TEST HELP FOR HEAT DETECTION
MILK progesterone testing has secured impressive fertility performance, including a calving interval below 375 days and failure to conceive culling rate below 6% on one Yorkshire farm for five years running.
According to DAISY figures the average dairy herd in a 90-cow survey loses £76 a cow through poor fertility. But for Mr Pattison, whose 166-cow herd average 8100 litres, good fertility has earned him an average of £7 a cow over the last five years.
This is achieved by a high heat detection rate, and is helped by progesterone testing.
His North Yorks vet Mark Glover, Northallerton, receives reports from cow milk progesterone tests at the Willow Tree Farm four times a week. These allow him to check herd fertility before his fortnightly visits.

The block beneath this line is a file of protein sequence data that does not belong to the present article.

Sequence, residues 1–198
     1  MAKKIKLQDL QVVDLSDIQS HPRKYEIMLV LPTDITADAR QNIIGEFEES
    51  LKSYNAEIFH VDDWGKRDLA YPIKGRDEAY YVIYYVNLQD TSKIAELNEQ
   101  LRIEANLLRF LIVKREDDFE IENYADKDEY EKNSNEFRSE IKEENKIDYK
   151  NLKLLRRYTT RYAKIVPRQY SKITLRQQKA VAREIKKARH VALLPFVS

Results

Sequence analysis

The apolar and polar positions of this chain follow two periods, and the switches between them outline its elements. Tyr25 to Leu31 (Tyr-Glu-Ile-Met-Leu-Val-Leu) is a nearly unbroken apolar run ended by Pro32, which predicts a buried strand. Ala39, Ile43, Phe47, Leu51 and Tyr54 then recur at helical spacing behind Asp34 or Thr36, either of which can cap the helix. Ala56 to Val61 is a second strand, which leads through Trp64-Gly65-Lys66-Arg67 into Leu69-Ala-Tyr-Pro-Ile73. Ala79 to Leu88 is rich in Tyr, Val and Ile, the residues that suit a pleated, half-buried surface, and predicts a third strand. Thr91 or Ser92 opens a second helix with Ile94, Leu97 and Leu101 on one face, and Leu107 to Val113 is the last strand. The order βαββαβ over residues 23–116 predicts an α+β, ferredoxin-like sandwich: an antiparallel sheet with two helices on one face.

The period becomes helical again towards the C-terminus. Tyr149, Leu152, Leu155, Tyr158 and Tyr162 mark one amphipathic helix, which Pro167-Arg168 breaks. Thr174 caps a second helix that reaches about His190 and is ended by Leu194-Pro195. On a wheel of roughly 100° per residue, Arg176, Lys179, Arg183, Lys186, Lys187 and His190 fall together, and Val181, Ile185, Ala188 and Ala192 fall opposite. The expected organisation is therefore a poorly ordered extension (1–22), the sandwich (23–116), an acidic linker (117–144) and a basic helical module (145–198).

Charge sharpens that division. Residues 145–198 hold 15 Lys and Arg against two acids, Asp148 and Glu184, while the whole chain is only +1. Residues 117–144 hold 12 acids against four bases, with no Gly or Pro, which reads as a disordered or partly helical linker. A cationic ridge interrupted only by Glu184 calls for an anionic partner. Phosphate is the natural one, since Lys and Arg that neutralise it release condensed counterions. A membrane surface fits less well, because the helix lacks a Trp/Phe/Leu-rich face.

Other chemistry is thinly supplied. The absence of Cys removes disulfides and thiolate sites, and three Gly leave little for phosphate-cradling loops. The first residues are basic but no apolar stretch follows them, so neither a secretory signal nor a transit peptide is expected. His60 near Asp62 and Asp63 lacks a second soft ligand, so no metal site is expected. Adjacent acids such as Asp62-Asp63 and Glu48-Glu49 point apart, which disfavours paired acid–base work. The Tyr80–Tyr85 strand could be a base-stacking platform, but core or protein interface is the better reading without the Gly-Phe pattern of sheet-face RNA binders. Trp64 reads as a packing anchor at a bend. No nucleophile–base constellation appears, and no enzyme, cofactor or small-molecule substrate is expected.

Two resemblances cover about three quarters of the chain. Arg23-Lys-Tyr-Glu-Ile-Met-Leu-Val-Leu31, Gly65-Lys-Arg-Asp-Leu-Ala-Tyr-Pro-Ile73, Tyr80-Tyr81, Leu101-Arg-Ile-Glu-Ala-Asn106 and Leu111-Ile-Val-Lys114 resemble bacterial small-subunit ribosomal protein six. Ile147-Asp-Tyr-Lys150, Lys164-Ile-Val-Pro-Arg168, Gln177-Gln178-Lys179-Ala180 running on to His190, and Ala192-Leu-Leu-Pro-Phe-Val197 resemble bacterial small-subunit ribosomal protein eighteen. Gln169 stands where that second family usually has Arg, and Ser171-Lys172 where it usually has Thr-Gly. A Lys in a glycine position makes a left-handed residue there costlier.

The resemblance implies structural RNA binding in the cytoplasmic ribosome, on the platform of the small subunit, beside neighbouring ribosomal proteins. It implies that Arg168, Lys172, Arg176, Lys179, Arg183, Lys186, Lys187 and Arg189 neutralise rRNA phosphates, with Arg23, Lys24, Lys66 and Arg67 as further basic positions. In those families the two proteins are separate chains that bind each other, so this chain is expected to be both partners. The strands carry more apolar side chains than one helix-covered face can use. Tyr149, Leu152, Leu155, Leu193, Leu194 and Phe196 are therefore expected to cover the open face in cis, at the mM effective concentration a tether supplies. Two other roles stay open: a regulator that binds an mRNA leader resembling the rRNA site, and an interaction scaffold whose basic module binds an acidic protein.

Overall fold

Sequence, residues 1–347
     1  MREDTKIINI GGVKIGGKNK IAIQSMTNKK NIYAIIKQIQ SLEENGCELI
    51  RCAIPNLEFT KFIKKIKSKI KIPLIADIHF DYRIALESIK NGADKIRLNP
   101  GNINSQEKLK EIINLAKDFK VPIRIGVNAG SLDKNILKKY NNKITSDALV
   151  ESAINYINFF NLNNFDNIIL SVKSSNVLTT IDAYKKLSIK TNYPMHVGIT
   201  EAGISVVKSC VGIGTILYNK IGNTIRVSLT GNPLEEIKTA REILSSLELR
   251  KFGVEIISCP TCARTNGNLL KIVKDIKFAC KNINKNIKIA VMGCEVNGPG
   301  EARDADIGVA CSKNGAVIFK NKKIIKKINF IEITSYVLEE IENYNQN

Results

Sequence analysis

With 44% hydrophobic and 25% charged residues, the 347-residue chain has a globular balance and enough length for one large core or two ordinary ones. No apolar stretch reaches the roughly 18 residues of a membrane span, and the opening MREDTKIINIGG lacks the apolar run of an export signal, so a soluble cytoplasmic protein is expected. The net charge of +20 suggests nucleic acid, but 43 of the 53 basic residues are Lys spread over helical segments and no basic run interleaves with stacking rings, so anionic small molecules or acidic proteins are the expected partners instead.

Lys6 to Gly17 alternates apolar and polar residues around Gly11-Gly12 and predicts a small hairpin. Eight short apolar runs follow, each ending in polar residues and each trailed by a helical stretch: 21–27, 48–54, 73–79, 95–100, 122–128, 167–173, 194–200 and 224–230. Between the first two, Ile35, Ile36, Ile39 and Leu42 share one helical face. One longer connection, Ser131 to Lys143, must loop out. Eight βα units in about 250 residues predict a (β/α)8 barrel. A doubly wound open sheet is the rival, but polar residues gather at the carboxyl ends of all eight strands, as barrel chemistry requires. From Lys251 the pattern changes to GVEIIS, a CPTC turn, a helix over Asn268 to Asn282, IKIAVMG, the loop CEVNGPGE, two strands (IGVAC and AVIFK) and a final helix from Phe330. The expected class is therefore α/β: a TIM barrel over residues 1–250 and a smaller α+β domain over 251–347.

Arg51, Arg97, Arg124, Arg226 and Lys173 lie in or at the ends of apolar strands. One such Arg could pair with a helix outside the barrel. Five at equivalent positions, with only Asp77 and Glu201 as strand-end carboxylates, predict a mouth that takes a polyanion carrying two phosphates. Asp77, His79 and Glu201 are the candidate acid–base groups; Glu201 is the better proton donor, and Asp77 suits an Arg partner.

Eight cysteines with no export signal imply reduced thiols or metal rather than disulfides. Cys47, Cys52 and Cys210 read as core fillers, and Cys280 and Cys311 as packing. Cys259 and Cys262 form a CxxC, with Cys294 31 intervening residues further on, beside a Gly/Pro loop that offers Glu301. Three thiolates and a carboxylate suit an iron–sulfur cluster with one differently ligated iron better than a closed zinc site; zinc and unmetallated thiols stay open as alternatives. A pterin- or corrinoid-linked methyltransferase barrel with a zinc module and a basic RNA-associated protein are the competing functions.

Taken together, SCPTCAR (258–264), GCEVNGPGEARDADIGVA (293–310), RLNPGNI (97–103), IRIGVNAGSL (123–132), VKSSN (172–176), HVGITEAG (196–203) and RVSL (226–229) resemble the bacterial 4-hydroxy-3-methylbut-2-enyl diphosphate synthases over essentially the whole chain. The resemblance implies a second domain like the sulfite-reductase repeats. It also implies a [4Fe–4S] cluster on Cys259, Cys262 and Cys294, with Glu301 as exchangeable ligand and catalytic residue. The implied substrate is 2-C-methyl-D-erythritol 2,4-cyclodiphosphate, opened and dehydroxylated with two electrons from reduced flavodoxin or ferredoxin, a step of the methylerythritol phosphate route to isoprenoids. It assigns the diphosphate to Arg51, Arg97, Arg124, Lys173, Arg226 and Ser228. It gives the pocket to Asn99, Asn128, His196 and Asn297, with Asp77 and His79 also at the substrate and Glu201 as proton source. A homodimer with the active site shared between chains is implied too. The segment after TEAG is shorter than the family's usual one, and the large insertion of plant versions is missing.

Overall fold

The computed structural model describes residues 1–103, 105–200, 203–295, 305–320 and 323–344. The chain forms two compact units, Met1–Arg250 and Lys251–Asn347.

Using these tests Mr Glover can determine whether cows are cycling normally, are anoestrous or cystic.
Cows are sampled from 20-27 days after calving once a week. If over three weeks a cow has two high and one low test, she is cycling normally.
Once cycling normally, the next heat must be identified. Using the low test result as a marker, alternate day progesterone testing begins 15 days after the low result. The next low result indicates the heat is imminent within a day or two. Normal cows are then tracked until they have conceived.
Continual low tests – which can reflect anoestrous – are treated promptly so cows start cycling more quickly.n
Vet Mark Glover checks milk progesterone reports before fort-nightly visits to Willow Tree Farm.